// Arduino Due that runs at 84mhz a value of 30 works.
// This is for the ESP8266 processor on ESP-01 
DHT dht(DHTPIN, DHTTYPE, 11); // 11 works fine for ESP8266
float humidity, temp_c;  // Values read from sensor

// Generally, you should use "unsigned long" for variables that hold time
unsigned long previousMillis = 0;        // will store last temp was read
const long interval = 2000;              // interval at which to read sensor
void handle_root() {
  server.send(200, "text/plain", "Homebridge http Temperature and humidity Sensor, read from /dht");
void setup(void)
  // You can open the Arduino IDE Serial Monitor window to see what the code is doing
  Serial.begin(115200);  // Serial connection from ESP-01 via 3.3v console cable
  dht.begin();           // initialize temperature sensor

  // Connect to WiFi network
  WiFi.begin(ssid, password);
   IPAddress ip(192, 168, 178, 60);
  IPAddress gateway(192, 168, 178, 1);
  IPAddress subnet(255, 255, 255, 0);
  WiFi.config(ip, gateway, subnet);
  Serial.print("\n\r \n\rWorking to connect");

  // Wait for connection
  while (WiFi.status() != WL_CONNECTED) {
  Serial.println("DHT data Reading Server");
  Serial.print("Connected to ");
  Serial.print("IP address: ");
  server.on("/", handle_root);
 server.on("/dht", [](){
    server.send(200, "text/json","{\n" "\"temperature\": "+String(temp_c)+",\n ""\"humidity\": "+String(humidity)+"" "\n}");

  Serial.println("HTTP server started");
void loop(void)

void gettemperature() {
  // Wait at least 2 seconds seconds between measurements.
  // if the difference between the current time and last time you read
  // the sensor is bigger than the interval you set, read the sensor
  // Works better than delay for things happening elsewhere also
  unsigned long currentMillis = millis();
  if(currentMillis - previousMillis >= interval) {
    // save the last time you read the sensor 
    previousMillis = currentMillis;   

    // Reading temperature for humidity takes about 250 milliseconds!
    // Sensor readings may also be up to 2 seconds 'old' (it's a very slow sensor)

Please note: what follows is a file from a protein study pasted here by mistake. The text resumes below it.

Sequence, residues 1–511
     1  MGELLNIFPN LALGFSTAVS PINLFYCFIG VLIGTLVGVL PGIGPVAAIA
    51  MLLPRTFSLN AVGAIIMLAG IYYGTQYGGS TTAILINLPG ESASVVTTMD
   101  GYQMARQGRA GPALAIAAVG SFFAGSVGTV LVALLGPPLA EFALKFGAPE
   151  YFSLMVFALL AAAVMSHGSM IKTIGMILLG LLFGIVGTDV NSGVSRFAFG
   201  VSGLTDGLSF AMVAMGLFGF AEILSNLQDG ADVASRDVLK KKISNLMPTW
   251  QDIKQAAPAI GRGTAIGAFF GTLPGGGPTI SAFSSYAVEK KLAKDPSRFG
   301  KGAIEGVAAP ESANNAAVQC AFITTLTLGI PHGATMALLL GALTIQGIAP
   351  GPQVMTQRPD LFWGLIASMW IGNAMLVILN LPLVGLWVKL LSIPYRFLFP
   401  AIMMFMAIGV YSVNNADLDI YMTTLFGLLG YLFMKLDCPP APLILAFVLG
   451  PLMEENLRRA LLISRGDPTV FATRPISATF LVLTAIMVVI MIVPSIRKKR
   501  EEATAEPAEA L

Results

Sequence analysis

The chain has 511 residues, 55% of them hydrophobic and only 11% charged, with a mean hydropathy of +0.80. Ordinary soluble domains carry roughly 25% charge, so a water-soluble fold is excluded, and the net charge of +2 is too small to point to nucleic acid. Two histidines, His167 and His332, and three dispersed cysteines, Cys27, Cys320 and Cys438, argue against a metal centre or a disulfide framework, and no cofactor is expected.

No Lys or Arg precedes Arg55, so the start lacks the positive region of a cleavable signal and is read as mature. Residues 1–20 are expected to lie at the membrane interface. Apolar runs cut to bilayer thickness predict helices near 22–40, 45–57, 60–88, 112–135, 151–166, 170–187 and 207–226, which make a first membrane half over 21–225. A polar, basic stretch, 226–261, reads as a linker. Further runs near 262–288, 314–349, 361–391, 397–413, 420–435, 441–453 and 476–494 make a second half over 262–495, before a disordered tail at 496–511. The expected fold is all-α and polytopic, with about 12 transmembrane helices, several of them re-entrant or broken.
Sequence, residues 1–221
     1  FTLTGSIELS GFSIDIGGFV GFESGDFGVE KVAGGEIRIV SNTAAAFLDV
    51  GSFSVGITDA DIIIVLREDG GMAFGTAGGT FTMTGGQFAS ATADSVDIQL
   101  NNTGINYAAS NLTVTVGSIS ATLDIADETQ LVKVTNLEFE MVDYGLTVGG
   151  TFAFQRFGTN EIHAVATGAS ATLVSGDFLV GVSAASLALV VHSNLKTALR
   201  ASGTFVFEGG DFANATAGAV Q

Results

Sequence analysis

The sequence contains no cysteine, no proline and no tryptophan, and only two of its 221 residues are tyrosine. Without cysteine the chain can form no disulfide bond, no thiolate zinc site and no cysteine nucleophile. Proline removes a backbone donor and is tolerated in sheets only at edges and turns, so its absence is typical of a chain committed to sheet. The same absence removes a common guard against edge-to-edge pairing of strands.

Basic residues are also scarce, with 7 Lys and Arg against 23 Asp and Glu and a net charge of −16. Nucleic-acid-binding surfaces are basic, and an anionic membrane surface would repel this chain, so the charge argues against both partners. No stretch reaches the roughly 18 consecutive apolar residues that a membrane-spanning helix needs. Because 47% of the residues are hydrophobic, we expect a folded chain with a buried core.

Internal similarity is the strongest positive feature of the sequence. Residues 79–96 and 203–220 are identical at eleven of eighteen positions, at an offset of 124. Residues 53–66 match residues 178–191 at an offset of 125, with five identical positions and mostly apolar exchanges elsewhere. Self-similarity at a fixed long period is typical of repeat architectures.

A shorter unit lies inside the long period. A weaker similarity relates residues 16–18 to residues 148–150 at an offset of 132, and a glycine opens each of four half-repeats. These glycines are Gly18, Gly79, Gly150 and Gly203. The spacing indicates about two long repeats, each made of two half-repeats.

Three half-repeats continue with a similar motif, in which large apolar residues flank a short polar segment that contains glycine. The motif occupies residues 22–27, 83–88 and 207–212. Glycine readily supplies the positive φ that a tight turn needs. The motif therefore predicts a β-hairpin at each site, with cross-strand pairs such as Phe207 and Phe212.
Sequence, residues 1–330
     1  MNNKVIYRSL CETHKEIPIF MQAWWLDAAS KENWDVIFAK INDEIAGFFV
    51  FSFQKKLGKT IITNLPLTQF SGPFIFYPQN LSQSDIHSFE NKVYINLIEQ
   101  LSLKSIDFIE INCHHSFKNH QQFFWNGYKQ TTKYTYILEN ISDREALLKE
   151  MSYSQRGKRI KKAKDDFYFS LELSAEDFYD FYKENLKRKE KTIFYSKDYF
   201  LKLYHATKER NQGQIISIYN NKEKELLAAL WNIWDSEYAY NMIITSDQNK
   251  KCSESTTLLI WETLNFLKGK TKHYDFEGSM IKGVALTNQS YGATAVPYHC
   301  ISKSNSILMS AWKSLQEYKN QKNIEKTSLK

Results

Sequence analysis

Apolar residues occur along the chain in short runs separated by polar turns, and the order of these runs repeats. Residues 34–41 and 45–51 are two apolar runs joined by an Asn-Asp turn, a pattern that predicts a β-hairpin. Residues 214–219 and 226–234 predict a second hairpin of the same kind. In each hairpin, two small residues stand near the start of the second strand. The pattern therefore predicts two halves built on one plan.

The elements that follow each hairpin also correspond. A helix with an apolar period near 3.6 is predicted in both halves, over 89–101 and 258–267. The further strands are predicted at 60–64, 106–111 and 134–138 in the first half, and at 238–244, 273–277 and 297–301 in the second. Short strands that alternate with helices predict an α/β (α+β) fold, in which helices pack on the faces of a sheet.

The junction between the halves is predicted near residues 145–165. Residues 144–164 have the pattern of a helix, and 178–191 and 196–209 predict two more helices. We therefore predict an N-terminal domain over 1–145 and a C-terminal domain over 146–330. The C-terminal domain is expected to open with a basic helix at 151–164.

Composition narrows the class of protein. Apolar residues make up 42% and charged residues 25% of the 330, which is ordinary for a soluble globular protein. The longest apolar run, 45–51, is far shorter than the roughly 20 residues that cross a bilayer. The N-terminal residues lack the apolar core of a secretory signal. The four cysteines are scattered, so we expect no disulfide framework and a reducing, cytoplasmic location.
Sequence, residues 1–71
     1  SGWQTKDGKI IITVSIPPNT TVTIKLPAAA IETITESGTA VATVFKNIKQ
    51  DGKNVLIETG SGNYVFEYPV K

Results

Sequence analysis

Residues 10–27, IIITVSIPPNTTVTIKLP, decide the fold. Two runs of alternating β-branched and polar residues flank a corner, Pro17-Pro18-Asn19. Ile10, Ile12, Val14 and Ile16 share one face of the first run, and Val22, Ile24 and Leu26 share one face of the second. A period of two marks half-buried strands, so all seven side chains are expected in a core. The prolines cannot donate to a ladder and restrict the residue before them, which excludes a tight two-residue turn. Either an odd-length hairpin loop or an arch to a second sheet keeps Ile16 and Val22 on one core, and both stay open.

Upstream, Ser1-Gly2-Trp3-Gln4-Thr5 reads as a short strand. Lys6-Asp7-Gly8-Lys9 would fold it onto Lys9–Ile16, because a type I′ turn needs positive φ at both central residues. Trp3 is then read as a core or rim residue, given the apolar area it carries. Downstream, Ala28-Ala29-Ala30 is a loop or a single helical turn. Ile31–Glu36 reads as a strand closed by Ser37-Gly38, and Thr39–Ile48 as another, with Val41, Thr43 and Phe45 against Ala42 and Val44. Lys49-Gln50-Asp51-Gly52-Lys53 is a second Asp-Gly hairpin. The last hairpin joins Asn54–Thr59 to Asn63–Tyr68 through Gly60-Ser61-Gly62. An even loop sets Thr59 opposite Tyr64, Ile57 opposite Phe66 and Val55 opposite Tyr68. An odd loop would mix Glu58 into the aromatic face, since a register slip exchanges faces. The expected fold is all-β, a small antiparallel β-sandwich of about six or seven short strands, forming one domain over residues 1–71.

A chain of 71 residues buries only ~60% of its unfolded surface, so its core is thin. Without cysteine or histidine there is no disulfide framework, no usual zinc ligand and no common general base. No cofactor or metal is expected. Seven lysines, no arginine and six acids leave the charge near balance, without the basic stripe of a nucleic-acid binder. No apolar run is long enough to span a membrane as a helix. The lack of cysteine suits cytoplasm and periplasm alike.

humidity = dht.readHumidity();          // Read humidity (percent)
    temp_c = dht.readTemperature(false);     // Read temperature as Fahrenheit
    // Check if any reads failed and exit early (to try again).
    if (isnan(humidity) || isnan(temp_c)) {
      Serial.println("Failed to read from DHT sensor!");

Now we can modify our setup so we can see if everything is working. In the fritting digram below you can see that now I have added a the DHT11 Sensor and keeping the RX and TX connected so we can see in the monitor from the Arduino IDE if everything is working as we want to.

Now we have to connect our iPhone to the home bridge and add the new accesoires.

Hooray! it works!

Download all Files for this project on github

Do you have any questions? Leave a comment down below!

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  • Bram

    This is great! I’ve been “Google me this google me that….” for a while as well. Any idea about how to properly connect RPi to a Arduino (Pro mini) via NRF24L01+ ? Also, I recommend this sensor: Temperature Humidity Barometric Pressure BME280. It’s more accurate.

  • Thank you Bram! When you google, I noticed that there are a lot Proof of concept. But no explanations or step by steps for people that don’t have the knowledge or want build a simple setup.

    Regarding your question about the NRF24L01+, I didn’t work with this module yet, I would start here https://arduino-info.wikispaces.com/Nrf24L01-2.4GHz-HowTo. Here you find all the information you need.

    And about the BME280 sensor this is also a Sensor I know about, but in this setup I used the DHT11 because I wanted to test if it works 😉
    Now I can research en fine tune the setup with better sensors like BME280.

  • Kalpesh Mistry

    You are a great…. Excellent work!!!!

  • Thank you Kalpesh!